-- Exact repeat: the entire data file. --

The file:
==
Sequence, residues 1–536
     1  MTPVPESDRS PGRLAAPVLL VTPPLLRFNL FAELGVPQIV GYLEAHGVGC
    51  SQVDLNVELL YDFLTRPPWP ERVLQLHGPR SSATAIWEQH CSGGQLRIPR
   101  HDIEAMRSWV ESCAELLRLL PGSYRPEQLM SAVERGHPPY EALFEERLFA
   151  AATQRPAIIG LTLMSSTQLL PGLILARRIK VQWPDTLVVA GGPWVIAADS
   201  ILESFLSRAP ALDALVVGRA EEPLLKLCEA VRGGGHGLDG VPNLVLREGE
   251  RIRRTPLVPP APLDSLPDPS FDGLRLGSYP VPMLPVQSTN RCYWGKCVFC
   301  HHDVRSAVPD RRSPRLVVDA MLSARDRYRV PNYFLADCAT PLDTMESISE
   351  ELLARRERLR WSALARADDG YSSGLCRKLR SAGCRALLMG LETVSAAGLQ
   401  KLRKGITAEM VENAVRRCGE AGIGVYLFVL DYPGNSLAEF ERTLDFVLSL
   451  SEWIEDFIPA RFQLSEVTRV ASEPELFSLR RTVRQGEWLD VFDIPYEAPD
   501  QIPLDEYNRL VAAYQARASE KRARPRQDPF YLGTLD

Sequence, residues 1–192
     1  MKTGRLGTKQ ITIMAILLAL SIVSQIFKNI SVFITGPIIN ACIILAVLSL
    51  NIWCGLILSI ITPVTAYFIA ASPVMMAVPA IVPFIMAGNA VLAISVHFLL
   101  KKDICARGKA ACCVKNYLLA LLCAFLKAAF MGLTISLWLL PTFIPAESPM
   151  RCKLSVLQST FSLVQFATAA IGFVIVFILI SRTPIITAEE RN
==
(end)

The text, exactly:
Sequence, residues 1–536
     1  MTPVPESDRS PGRLAAPVLL VTPPLLRFNL FAELGVPQIV GYLEAHGVGC
    51  SQVDLNVELL YDFLTRPPWP ERVLQLHGPR SSATAIWEQH CSGGQLRIPR
   101  HDIEAMRSWV ESCAELLRLL PGSYRPEQLM SAVERGHPPY EALFEERLFA
   151  AATQRPAIIG LTLMSSTQLL PGLILARRIK VQWPDTLVVA GGPWVIAADS
   201  ILESFLSRAP ALDALVVGRA EEPLLKLCEA VRGGGHGLDG VPNLVLREGE
   251  RIRRTPLVPP APLDSLPDPS FDGLRLGSYP VPMLPVQSTN RCYWGKCVFC
   301  HHDVRSAVPD RRSPRLVVDA MLSARDRYRV PNYFLADCAT PLDTMESISE
   351  ELLARRERLR WSALARADDG YSSGLCRKLR SAGCRALLMG LETVSAAGLQ
   401  KLRKGITAEM VENAVRRCGE AGIGVYLFVL DYPGNSLAEF ERTLDFVLSL
   451  SEWIEDFIPA RFQLSEVTRV ASEPELFSLR RTVRQGEWLD VFDIPYEAPD
   501  QIPLDEYNRL VAAYQARASE KRARPRQDPF YLGTLD

Sequence, residues 1–192
     1  MKTGRLGTKQ ITIMAILLAL SIVSQIFKNI SVFITGPIIN ACIILAVLSL
    51  NIWCGLILSI ITPVTAYFIA ASPVMMAVPA IVPFIMAGNA VLAISVHFLL
   101  KKDICARGKA ACCVKNYLLA LLCAFLKAAF MGLTISLWLL PTFIPAESPM
   151  RCKLSVLQST FSLVQFATAA IGFVIVFILI SRTPIITAEE RN